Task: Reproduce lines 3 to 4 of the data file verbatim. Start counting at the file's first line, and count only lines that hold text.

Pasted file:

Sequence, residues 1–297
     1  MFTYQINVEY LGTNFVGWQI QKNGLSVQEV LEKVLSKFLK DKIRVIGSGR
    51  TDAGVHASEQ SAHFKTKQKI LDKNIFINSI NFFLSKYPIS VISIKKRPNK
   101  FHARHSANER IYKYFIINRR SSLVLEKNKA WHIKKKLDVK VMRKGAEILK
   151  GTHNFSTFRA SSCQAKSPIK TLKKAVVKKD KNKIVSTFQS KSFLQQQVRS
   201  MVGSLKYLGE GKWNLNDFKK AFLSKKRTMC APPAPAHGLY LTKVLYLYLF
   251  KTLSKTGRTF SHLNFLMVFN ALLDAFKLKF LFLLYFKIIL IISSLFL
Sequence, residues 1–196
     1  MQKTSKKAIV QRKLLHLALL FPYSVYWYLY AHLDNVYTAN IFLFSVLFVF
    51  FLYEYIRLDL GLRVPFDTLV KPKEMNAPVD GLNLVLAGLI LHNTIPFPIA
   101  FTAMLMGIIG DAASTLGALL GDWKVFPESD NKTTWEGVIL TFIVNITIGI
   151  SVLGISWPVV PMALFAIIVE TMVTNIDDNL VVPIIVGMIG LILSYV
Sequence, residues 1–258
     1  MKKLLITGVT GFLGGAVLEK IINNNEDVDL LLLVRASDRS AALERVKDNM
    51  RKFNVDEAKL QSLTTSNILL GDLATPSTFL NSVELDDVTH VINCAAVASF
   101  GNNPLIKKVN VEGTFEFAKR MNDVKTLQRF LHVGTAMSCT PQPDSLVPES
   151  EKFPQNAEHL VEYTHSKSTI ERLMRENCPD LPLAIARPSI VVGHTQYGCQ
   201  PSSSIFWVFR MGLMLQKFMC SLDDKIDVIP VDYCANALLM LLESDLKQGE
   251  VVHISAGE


    51  TDAGVHASEQ SAHFKTKQKI LDKNIFINSI NFFLSKYPIS VISIKKRPNK
   101  FHARHSANER IYKYFIINRR SSLVLEKNKA WHIKKKLDVK VMRKGAEILK